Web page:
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I’ll always remember Harold Lederman’s voice


Boxing legend Harold Lederman died Saturday. (Michael Loccisano/Getty Images for HBO)

What will I always remember about the late Harold Lederman, who passed Saturday at the age of 79 from cancer? It was his voice.

I know, he was a beloved boxing TV personality. He was HBO’s unofficial boxing judge from 1986 until the network left the boxing business this past December. His daughter, Julie, is now a talented boxing judge in her own right.

A certain sector of the boxing community may not remember, but Lederman was a fine boxing judge of over 100 championship bouts starting in 1967 until 1999. He juggled that with a pharmacist career for years before boxing won out.

And good for the sport that it did! Boxing needs more Harold Ledermans, but sadly, there ain’t many.

It was his voice I’ll always remember. It wasn’t a deep baritone of a Barry White variety. It was more of a screech — a loud, annoying screech — but I loved every syllable.

You couldn’t over look his knowledge of the sport and you couldn’t ignore that voice.

It was like trying to separate Muhammad Ali’s boxing excellence from his braggadocio.

A Columbia University graduate, Lederman was so good he was inducted into the International Boxing Hall of Fame in 2016. Among his many accolades, the Boxing Writers Association of America awarded him the “Good Guy Award” in 2006 and the Sam Taub Award for Broadcaster of the Year in 2008. But my memories are closer to home — and funny.

I remember working a Prince Naseem Hamed fight vs. Paul Ingle from Manchester, England for HBO International Television in April 1999. The fight was for Hamed’s WBO featherweight title and I was the TV analyst.

The day before the fight, I was walking the streets of Manchester with Mike “The Greek” Randolph, one of the International TV staff, when we went into a store. Before we left the hotel to get some air, I told Randolph that his job was to warn me when Harold was near, because I knew Harold loved to talk and I didn’t have the time for a long conversation.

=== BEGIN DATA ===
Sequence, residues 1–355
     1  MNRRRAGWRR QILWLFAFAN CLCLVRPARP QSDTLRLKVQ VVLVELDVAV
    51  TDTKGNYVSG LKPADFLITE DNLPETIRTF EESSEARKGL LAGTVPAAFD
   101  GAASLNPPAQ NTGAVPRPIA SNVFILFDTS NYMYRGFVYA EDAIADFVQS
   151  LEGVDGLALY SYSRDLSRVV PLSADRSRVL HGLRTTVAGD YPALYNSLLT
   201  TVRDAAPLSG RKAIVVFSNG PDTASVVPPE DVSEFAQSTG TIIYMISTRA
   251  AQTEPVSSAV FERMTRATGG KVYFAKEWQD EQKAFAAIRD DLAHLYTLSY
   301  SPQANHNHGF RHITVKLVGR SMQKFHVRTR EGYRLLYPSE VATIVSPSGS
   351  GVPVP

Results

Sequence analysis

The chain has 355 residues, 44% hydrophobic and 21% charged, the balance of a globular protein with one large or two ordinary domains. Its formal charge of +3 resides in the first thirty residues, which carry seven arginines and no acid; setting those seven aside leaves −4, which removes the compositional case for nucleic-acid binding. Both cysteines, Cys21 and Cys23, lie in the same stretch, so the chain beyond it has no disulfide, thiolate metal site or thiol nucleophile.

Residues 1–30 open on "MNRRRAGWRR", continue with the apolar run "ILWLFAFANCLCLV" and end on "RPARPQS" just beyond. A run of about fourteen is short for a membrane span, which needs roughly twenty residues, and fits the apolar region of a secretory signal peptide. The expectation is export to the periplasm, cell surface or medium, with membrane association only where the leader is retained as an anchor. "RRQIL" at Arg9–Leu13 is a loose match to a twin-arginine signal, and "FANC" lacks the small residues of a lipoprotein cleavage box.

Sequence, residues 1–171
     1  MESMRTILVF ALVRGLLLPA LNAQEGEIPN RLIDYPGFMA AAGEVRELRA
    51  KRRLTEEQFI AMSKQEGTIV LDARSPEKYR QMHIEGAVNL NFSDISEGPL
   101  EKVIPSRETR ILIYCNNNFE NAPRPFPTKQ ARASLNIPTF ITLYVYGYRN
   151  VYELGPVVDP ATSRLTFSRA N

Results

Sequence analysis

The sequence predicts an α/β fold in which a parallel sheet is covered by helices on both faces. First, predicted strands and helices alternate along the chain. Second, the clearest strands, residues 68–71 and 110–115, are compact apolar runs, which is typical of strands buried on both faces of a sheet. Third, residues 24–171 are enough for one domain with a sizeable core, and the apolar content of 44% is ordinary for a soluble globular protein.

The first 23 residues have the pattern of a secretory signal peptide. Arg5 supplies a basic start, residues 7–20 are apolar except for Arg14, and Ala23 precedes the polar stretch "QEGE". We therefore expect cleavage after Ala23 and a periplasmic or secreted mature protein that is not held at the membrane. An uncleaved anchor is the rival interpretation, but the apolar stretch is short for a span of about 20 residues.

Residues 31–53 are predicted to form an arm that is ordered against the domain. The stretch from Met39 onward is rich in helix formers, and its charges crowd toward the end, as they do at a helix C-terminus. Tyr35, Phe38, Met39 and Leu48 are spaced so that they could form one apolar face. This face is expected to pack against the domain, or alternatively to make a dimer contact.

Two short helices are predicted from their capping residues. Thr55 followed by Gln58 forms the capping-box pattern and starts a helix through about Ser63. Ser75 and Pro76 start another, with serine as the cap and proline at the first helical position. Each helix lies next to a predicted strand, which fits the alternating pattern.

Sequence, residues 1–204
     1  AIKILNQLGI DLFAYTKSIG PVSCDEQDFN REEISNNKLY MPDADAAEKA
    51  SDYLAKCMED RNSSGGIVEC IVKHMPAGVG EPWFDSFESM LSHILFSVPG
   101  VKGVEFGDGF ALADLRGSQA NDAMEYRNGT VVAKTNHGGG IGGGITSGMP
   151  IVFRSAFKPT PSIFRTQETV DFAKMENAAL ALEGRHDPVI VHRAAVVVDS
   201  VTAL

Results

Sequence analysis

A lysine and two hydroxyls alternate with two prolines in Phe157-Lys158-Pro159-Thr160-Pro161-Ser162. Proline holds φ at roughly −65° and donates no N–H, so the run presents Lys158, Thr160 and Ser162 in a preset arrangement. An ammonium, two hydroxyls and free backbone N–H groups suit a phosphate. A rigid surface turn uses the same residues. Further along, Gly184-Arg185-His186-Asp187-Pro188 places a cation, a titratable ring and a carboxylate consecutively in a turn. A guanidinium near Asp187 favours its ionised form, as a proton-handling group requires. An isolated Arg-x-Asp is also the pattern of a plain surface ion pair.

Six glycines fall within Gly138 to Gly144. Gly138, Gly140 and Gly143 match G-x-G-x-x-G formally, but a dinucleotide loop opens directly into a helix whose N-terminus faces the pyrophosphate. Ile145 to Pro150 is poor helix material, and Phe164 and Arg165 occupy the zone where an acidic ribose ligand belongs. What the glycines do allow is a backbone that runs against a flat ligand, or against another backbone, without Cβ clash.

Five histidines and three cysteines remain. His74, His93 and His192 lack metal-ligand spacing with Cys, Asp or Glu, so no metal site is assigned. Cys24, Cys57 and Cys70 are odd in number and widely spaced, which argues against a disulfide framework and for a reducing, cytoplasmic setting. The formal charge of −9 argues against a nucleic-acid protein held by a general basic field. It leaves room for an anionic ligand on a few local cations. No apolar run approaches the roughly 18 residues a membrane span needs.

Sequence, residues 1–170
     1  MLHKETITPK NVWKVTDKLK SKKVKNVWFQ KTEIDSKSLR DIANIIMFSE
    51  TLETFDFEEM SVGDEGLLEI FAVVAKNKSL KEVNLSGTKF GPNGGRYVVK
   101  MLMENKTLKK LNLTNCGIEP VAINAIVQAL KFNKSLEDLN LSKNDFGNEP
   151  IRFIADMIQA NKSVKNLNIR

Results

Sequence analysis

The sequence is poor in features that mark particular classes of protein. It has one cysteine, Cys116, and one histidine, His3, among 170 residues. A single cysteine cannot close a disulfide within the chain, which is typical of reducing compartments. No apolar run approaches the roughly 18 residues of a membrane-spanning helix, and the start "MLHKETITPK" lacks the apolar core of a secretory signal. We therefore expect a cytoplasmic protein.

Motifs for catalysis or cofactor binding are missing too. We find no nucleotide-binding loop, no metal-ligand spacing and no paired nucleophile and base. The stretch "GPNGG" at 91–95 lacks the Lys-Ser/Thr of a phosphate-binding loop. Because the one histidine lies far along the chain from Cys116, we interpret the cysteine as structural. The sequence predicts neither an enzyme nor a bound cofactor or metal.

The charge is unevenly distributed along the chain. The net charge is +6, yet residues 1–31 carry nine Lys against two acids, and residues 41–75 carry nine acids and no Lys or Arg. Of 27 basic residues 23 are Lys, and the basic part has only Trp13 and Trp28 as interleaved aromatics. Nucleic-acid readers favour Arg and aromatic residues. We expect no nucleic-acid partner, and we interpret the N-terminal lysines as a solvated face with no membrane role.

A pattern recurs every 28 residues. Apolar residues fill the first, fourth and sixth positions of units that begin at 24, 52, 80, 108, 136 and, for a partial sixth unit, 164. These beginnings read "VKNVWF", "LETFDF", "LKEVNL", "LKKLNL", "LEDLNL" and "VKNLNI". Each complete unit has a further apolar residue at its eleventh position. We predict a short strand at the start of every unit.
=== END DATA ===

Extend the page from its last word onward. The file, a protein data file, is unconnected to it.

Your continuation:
I wanted to get back to hotel to go over my notes for the fight.

As we left the store, Randolph told me to wait a minute. I thought he was checking to see if the coast was clear when he motioned me to come out and I did … and right into a smiling Harold Lederman.

“Hello Tony, let me ask you something…, “said Lederman with that voice. All the while Mike Randolph stood off to the side — laughing and pointing at me.

Another time, I was hired to work a boxing card from Lehman College in the Bronx. I was going to do the play-by-play and when I asked who my color analyst was, I was told it was — yes — Harold Lederman.

We had a blast working the fight with that voice in my headset. It was even fun when Harold was on a roll and couldn’t stop talking.

Don’t get me wrong, whether talking with Harold in Manchester or working with him in the Bronx or picking his brain in New York, Atlantic City or Las Vegas, he was always a joy. He will be missed.

He knew people, he knew boxing and people loved him.